Arne Werchick:

That it might overlapping to the area — I see that as a transportation service —

Abe Fortas:

By the common carriers.

I see.

Arne Werchick:

Alright

Abe Fortas:

But those two – under that, those are the only ones to which you can think of to which this would apply?

Arne Werchick:

Yes.

I don’t think it need to apply any further than this.

Earl Warren:

Mr. Corrigan.

John J. Corrigan:

May it please the Court, Mr. Chief Justice.

I’d like to make a brief comment of my position and then I would like to answer some of the questions that Your Honors have asked.

William J. Brennan, Jr.:

Before you start, do you remember that name of the case that I’m trying make —

John J. Corrigan:

Yes, the case is Sinkler versus The Missouri Pacific.

William J. Brennan, Jr.:

That’s right.

Do you have — you don’t cite it.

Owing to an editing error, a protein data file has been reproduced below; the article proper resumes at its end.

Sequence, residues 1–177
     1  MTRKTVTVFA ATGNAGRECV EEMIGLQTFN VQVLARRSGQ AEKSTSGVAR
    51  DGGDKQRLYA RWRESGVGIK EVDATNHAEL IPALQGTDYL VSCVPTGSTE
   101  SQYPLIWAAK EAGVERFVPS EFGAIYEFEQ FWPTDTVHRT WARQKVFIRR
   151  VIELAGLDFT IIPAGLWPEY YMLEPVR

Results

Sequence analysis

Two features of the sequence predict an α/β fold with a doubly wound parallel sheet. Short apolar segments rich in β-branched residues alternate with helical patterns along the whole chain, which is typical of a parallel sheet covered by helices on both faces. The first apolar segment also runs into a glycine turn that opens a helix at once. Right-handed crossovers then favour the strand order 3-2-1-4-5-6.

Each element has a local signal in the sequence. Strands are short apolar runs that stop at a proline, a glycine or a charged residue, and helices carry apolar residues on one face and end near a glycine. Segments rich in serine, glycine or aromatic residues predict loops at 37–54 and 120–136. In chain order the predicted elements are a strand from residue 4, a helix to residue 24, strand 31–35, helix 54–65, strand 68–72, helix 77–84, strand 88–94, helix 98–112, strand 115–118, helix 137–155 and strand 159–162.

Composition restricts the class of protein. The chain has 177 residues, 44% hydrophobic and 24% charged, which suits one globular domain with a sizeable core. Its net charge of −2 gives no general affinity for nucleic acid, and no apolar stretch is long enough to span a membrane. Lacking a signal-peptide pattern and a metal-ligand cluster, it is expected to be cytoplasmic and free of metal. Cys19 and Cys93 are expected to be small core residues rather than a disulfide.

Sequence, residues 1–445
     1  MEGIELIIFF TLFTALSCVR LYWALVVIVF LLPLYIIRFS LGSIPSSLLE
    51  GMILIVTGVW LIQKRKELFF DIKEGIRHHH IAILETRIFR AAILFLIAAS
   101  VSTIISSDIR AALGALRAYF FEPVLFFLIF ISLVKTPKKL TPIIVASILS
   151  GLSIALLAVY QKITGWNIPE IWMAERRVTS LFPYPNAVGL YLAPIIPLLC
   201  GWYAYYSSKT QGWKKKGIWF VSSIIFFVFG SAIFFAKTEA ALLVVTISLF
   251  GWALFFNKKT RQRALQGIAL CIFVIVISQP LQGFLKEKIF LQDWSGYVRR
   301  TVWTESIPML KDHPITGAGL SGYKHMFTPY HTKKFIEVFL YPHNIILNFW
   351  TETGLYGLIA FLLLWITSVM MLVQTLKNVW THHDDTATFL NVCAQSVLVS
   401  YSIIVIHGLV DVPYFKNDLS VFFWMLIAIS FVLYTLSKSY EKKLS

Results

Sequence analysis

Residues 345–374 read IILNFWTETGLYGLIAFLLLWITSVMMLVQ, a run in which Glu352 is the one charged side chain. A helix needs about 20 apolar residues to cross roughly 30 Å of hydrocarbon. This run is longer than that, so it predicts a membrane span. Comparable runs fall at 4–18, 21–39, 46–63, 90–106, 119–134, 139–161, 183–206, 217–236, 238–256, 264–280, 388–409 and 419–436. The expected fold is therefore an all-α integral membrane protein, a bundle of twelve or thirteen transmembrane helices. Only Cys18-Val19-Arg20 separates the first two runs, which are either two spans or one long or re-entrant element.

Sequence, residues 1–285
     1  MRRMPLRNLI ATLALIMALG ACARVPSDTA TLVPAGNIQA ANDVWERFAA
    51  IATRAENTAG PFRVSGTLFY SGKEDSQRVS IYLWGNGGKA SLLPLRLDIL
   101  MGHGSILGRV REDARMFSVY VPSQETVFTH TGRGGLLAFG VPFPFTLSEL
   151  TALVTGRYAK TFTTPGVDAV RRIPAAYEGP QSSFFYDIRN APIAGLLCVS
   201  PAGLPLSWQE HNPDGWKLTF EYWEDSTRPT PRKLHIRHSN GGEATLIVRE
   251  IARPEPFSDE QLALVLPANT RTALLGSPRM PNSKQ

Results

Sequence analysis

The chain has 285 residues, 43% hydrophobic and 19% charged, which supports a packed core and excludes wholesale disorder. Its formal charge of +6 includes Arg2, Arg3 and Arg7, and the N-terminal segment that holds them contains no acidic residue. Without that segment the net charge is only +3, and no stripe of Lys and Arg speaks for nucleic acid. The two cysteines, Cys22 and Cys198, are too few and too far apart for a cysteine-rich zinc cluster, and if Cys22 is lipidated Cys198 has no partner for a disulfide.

Do you have the —

John J. Corrigan:

No, I —

William J. Brennan, Jr.:

Sinkler is that it?

John J. Corrigan:

Sinkler, S-I-N-K-L-E-R versus the Missouri Pacific.

William J. Brennan, Jr.:

Thank you very much.

John J. Corrigan:

Our position is this, if it please the Court.

The Pacific Fruit Express is not a railroad in the sense that we understand it.

And the legislative history and judicial history of this Court very clearly establishes what is a common carrier by railroad for the purposes of the Federal Employers’ Liability Act.

That’s the first point I wanted to make.

The second point is, there is no need and no reason for this Court to want to strain or to extend the coverage of the Federal Employers’ Liability Act because of the specific directives of Congress and because in my view and as I put forth in the brief, it is an inferior remedy for these men who are covered by California workman’s compensation and I will address myself to that later.

William J. Brennan, Jr.:

Has that been challenged before this?

I mean, this coverage under workman’s compensation?

John J. Corrigan:

This problem trying to pull themselves up by their own bootstraps by saying — because what he’s doing looks like railroading, it must be railroading.

William J. Brennan, Jr.:

Well, now what — is that — reading here, I — now I recall it but we said in Sinkler it was.